I’ve no idea how many Scots were crammed into Hampden Park, baying for blood against England, but I thought it was absolutely brilliant and a welcome contrast to the sterile, energy-sucking atmosphere of doom that pervades England’s home games. So much so that within five minutes of the kick-off I felt myself rooting for Scotland, and when their second went in I felt like I used to feel supporting England.
It made me think back to when that was, and by coincidence the last time I probably felt that good was exactly twenty years ago in Euro 96 when England played Scotland.
On June 15th 1996 Gazza scored the infamous ‘dentist’s chair’ goal at Wembley and it was just insane - I remember it so clearly. I went round to a friends house to watch, so I wouldn’t embarrass myself in front of the family, and the whole country was watching – it was huge, in a way that kids might not even comprehend now.
How sad was it then twenty years later to watch a rematch of the same game but to cheer for the opposition? Twenty years of under-performing against ‘smaller’ teams, of building up hopes for tournaments just to fail miserably, of dull, uninspiring tactics, of players not trying, poor management and continual under-achievement. Twenty years of being bored.
But it was good to see Craig Gordon again even if it was something of a pity that he had a bit of a shocker. It was also heartening to see basically second level journeymen (no disrespect intended) play with pride and enthusiasm against the so-called elite. I like Scotland and (most of) the Scots and it would be brilliant if their football team could match the resurrection of their rugby mates.
Of course, some disagree:
Scotland is a miserable sodden third-rate sexually repressed backward shithole of a country where everyone has to pretend to appreciate every minute of their sterile defeated life.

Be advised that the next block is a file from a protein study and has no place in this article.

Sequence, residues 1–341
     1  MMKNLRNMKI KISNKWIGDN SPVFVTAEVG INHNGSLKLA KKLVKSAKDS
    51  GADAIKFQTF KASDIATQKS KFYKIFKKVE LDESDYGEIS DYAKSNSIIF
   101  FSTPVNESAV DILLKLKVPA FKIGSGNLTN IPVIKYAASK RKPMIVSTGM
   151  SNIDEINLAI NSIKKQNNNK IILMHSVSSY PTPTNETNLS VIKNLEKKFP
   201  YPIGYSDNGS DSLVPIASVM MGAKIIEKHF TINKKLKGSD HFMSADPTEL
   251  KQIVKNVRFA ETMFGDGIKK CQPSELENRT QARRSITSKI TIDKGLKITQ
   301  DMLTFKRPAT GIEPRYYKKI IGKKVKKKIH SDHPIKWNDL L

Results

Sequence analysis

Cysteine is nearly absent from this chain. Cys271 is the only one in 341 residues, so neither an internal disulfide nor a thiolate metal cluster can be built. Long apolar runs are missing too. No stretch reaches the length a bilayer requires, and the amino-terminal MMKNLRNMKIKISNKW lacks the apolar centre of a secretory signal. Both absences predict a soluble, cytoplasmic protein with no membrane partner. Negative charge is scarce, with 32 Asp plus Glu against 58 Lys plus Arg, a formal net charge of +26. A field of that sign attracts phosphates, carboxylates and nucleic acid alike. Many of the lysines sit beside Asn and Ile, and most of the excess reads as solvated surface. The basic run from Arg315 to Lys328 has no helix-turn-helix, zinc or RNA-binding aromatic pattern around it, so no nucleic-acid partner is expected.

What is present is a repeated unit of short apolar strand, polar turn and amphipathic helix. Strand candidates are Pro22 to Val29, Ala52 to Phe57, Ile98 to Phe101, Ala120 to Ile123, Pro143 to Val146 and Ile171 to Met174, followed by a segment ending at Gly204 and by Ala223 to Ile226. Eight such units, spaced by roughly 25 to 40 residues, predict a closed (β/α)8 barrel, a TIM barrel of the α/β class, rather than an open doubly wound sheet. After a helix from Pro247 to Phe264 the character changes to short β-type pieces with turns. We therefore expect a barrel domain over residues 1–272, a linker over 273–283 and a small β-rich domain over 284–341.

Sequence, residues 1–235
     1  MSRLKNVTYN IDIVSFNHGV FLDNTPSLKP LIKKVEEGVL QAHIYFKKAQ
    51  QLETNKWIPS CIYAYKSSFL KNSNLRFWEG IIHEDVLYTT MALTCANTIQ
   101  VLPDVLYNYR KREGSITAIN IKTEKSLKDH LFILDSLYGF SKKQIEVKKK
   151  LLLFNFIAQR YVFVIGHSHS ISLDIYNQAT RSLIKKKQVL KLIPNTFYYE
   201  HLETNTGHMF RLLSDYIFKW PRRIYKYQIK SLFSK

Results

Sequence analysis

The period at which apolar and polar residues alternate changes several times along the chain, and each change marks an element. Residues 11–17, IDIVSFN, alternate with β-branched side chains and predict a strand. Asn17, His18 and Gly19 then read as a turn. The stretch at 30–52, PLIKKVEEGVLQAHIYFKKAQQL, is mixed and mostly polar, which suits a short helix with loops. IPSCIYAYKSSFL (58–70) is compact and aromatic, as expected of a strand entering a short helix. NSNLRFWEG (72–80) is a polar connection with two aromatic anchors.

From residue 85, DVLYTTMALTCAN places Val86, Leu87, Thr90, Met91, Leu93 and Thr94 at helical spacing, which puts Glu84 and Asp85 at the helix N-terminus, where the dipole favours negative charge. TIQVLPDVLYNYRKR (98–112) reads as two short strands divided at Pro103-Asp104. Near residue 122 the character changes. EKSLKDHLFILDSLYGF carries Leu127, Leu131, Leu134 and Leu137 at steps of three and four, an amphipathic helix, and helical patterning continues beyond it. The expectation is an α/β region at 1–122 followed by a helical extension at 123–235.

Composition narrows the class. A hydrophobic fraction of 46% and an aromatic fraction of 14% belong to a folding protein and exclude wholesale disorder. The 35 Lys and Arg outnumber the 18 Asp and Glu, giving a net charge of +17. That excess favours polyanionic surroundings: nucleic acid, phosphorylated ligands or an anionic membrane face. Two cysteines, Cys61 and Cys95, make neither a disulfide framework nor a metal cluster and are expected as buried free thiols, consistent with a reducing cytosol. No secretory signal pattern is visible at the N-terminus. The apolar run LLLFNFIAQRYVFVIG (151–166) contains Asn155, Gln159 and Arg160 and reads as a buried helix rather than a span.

Francis Gallagher (The Barrenness of Home)
It hasn’t quite captured the bouncy rhythmic structure of ‘There was a wee lassie from Fife’ but there’s no disguising the sentiments behind it.
Joe Hart was back from Torino and now currently finds himself homeless. He has ‘no idea’ where he’ll be playing his football next season. And judging by his performance in the game, no-one else will either. He tried to explain why the wall didn’t move to block the first goal:
I asked my wall to jump but not excessively because people are clever now and they go underneath.
Really? And they’re going to understand that? I don’t even understand that and I’ve watched the replay. If the wall had been any more inert, rigor mortis would have set in - it was an absolute shambles.
One thing is for sure, Hart won’t be back at City. I think they’ve just signed Stephen Hawking to replace him.
But he better get a move on, because the window opens on July 1st, and a lot of players are already jostling for a change. As with most things, there’s a proper way to comport yourself during these uncertain times:
Being a Sunderland lad it’s a bit hard to take and it’ll always be hard to take.
Nice one Jordan - and there’s an improper way:
My daughter’s face has changed colour – it looks like she’s been living in a cave.
Apparently Nolito’s experiences with the Manchester weather have been less than satisfactory, and he’s angling for a move back to Spain but doesn’t want to upset City in the meantime:
I was just casually shopping for clothes for my wife in Seville,. I went to get a coffee and bumped into Sevilla’s director of football casually.
You can hardly blame him for being sociable…